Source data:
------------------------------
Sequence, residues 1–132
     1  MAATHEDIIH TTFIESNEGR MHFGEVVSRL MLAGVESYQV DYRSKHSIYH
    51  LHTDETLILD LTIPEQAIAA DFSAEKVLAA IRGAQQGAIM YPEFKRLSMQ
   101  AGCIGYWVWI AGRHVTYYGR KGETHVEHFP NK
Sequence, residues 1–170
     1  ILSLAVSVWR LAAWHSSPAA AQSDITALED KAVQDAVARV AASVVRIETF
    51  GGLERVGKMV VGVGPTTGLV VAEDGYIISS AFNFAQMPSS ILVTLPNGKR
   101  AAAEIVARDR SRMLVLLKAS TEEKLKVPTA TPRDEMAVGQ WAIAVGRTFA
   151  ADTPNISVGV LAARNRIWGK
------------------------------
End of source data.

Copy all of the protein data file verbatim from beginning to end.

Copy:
Sequence, residues 1–132
     1  MAATHEDIIH TTFIESNEGR MHFGEVVSRL MLAGVESYQV DYRSKHSIYH
    51  LHTDETLILD LTIPEQAIAA DFSAEKVLAA IRGAQQGAIM YPEFKRLSMQ
   101  AGCIGYWVWI AGRHVTYYGR KGETHVEHFP NK
Sequence, residues 1–170
     1  ILSLAVSVWR LAAWHSSPAA AQSDITALED KAVQDAVARV AASVVRIETF
    51  GGLERVGKMV VGVGPTTGLV VAEDGYIISS AFNFAQMPSS ILVTLPNGKR
   101  AAAEIVARDR SRMLVLLKAS TEEKLKVPTA TPRDEMAVGQ WAIAVGRTFA
   151  ADTPNISVGV LAARNRIWGK